LSU Junior Devon Wade Named Prestigious Truman Scholar

Posted by on Sunday, April 25, 2010 15:20 - 0 Comments

The Harry S. Truman Scholarship Foundation has announced that LSU junior Devon Wade of Houston is among 60 students nationwide to receive the prestigious Truman Scholarship. He is the only student from Louisiana selected to receive the Truman Scholarship this year.

“We congratulate Devon Wade on being named a Truman scholar,” said LSU Chancellor Michael Martin. “Devon is a shining example that LSU’s best and brightest students are able to compete and be recognized at the national level. We continue to stress that LSU is committed to excellence in everything we do, and Devon has given the entire LSU community another reason to be proud to be an LSU Tiger.”

Wade, a double major in sociology with a concentration in criminology and African & African-American studies, will graduate from LSU in December. While in high school, he earned college credit at Houston Community College and also spent a summer studying abroad at the University of Dar es Salaam in Africa.

“I am very excited and honored to receive the Harry S. Truman Scholarship,” he said. “The thing that I am most excited about is that they have recognized me as a ‘change agent.’ What I do in my community, I have been doing for many years, and I do it because I know that I am making a difference.”

Wade serves as a veteran representative and mentor for the organization No More Victims Inc., or NMVI, which aids children of incarcerated parents. Wade, whose own parents were incarcerated when he was growing up, hopes to use his personal and academic experiences to expand public awareness of the struggles of these children and further sociological understanding of the cycle that often leads these children to follow their parents into incarceration.

Wade, also a Ronald McNair Research Scholar at LSU, said that he is excited to be the first African-American student from LSU, as well as first student outside the LSU Honors College, to win the scholarship.

“This makes me happy because I know that it will send a message to all students that they can accomplish great things too with hard work and determination, but most importantly an enthusiasm for change,” Wade said. “The Truman is not so much about grades as it is about passion and determination for making a positive difference in your community.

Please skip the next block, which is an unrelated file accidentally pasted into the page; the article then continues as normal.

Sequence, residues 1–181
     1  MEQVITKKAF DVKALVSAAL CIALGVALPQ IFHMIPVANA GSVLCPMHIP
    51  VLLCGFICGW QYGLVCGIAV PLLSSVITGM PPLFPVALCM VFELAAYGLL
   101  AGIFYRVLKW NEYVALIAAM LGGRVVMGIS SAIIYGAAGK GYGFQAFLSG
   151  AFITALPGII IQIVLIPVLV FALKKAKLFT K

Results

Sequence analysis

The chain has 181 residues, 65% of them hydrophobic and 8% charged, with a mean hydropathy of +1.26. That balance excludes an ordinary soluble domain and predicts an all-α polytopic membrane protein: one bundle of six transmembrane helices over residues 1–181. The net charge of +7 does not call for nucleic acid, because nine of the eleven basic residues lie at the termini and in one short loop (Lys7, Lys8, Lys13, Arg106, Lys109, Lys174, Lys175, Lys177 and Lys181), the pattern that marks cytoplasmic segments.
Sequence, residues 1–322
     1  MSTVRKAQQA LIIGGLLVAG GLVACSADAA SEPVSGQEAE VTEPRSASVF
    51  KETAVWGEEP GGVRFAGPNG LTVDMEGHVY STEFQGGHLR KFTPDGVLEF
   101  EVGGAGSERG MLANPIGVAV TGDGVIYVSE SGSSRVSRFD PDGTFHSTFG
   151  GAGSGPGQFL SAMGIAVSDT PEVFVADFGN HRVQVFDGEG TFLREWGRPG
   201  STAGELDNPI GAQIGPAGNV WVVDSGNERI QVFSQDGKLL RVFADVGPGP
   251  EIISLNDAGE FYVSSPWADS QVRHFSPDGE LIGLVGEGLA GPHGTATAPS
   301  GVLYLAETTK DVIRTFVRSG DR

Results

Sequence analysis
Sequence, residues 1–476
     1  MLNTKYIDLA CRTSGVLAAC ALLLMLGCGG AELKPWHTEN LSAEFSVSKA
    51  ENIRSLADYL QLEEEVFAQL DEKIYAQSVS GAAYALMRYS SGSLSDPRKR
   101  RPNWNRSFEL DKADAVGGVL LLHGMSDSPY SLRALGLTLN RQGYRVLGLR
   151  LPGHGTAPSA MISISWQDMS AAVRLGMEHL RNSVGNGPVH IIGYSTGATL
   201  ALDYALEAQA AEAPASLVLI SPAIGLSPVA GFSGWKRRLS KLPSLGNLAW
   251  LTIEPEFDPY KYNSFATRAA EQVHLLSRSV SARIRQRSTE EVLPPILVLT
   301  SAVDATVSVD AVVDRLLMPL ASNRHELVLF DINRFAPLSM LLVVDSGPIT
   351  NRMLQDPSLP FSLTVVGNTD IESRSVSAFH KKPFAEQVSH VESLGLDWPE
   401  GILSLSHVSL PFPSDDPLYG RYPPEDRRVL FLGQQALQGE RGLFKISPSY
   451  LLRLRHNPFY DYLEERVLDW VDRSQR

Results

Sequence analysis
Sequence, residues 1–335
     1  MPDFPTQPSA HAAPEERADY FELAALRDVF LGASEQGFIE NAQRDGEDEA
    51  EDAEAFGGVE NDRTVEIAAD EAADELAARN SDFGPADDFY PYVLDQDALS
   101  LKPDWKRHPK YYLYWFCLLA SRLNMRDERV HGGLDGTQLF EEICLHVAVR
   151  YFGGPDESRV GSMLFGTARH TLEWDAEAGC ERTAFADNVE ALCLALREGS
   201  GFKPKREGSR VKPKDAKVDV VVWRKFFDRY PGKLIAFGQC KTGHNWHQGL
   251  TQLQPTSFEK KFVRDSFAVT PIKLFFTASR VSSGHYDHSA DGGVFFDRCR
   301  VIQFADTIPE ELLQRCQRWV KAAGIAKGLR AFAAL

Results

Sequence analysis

“I would like give a special acknowledgement to the LSU Honors College for assisting me in this journey.”

After graduation, Wade plans to pursue a Ph.D. in sociology and focus on social phenomenon that plague urban or inner city children and families.

Wade joins five other LSU students who have received Truman Scholarships to date: Micaela de Gruy in 2009, Claire Kendig in 2008, Cynthia “CC” Dubois in 2006, Jacob Landry in 2005 and Allen Richey in 2003. In seven of the past eight years, an LSU student has reached the finalist stage of the Truman Scholarship process.

The scholarship provides up to $30,000 for graduate study, along with priority admission and supplemental financial aid at some premier graduate institutions, leadership training, career and graduate school counseling and special internship opportunities within the federal government. Scholars are invited to participate in a number of programs: Truman Scholar Leadership Week, The Summer Institute and The Truman-Albright Fellows Program.

The 60 Truman Scholars this year represent 54 colleges and universities across the United States. The recipients were selected from 576 candidates nominated by 245 colleges and universities.

The Truman Scholarship Foundation was established by Congress in 1975 as the federal memorial to the 33rd president. The mission of the Truman Scholarship Foundation is to find and recognize college students with exceptional leadership potential who are committed to careers in government, the nonprofit or advocacy sectors, education or elsewhere in public service; and to provide them with financial support for graduate study, leadership training and fellowship with other students who are committed to making a difference through public service.

Truman Scholars are required to work in public service for three of the seven years following completion of a foundation-funded graduate degree program as a condition of their receiving Truman funds. Part of the application process is for the students to create policy to address a current issue.

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